Thursday, February 22, 2007

The Myth of High Taxes

Living in the USA, we hear frequently about is the exorbitant taxes that European countries levy on their residents to pay for their high spending on social services and socialized medicine. Perhaps it is still a leftover of the reason why we started our own country in separating from England in the 1770s. I can't claim to be an expert on all European countries or even the Finnish system as I've not even been here four months. But, from what I've seen, I think Americans are not being told the truth.

If you google "high european taxes myth", you will get a variety of different opinions about the topic. It's not the purpose of this post to go into a detailed analysis of these arguments pro and con.

At the beginning of the year, I filled out a form to the government of my expected yearly income. Shortly in the mail, I was returned a statement saying what my tax rate would be. The higher your salary, the greater the rate. I pay 38%, which is deducted from my monthly pay. Supposedly, there are no accountants or 1040 forms to fill out. At the end of the year, the government bills me or refunds me the difference between the estimated tax and the actual tax they should have collected.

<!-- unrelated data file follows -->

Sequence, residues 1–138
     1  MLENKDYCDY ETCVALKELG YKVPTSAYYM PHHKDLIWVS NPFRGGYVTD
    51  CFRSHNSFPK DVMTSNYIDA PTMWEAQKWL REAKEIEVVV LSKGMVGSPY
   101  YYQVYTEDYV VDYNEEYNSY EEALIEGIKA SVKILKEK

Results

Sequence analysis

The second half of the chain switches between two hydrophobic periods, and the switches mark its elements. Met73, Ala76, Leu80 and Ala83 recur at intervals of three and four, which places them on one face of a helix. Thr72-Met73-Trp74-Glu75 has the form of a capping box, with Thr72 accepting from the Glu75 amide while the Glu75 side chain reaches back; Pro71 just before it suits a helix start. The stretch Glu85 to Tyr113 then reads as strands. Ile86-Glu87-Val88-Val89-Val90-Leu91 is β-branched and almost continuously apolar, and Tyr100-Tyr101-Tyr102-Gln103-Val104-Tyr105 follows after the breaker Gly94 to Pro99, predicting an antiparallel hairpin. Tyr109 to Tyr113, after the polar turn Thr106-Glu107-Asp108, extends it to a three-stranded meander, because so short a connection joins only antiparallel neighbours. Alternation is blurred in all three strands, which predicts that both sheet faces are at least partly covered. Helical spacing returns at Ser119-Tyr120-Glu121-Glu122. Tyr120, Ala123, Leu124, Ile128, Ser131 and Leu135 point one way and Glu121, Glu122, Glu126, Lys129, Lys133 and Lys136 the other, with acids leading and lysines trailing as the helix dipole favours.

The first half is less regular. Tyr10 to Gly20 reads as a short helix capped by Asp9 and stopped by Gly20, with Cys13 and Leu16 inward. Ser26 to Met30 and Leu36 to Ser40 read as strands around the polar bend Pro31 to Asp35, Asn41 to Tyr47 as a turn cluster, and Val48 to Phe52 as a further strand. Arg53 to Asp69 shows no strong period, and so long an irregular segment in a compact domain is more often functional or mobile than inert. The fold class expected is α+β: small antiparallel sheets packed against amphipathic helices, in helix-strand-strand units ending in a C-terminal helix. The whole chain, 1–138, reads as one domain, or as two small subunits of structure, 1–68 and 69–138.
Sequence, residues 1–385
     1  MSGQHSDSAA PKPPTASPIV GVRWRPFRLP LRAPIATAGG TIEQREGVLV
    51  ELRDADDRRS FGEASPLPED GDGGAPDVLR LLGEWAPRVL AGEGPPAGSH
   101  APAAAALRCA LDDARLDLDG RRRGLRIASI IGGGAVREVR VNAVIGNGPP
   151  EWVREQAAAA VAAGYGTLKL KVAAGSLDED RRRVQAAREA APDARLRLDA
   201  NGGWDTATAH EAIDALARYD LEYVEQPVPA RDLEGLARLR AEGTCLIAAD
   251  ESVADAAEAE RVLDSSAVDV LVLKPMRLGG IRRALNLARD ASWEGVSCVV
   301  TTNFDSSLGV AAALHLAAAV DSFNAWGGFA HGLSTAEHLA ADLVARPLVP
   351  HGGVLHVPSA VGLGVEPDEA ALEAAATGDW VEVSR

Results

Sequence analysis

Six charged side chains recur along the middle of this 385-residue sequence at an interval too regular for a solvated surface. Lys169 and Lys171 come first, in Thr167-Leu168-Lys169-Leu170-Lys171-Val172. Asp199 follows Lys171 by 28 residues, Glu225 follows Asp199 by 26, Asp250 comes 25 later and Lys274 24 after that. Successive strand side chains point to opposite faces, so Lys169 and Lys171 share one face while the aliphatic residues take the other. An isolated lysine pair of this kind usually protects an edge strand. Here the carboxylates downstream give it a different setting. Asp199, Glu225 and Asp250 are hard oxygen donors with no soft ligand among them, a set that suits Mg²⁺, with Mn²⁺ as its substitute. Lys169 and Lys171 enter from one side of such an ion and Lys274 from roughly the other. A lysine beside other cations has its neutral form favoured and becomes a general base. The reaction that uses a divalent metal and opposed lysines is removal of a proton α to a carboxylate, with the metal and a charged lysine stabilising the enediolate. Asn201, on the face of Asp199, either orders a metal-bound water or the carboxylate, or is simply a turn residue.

Compare to the USA, where I pay 28%, I think, in federal taxes. State taxes to Oklahoma are about 6%, for a total of 34%, or not substantially different than in Finland.

What do you get for that extra 4%? One thing you can collect if you are a parent is paternity/maternity leave pay. One of my PhD students, Erik, is home with his son for two months now. Apparently, you are entitled to paternity/maternity leave for a period of time, and can collect a substantial fraction of your salary while on paternity/maternity leave from the government. Another thing is the health care system you've heard about. I haven't needed it, so I don't know how good it is.

You rarely see homeless people. The social support system tends not to allow it to happen, from what I am told. (I did have a man ask for me for money in Finnish while I waited for the train one morning. When I told him I spoke English, he said, "Can you give me 50 cents to buy a wine bottle, I mean food." Oops, sorry buddy. Better practice your translation for the summer travel season!)

One big difference is the sales tax or VAT, 22% in Finland, compared to sales tax in most states which is 5-8%. In Finland, the VAT is included in the price of things, so you don't even notice that it's there. So, prices are a bit higher, but the standard of living is higher in general for most people and the difference between the rich and poor seems to be less.

So, if you hear about high taxes in Europe compared to the US, there is another side to the story.


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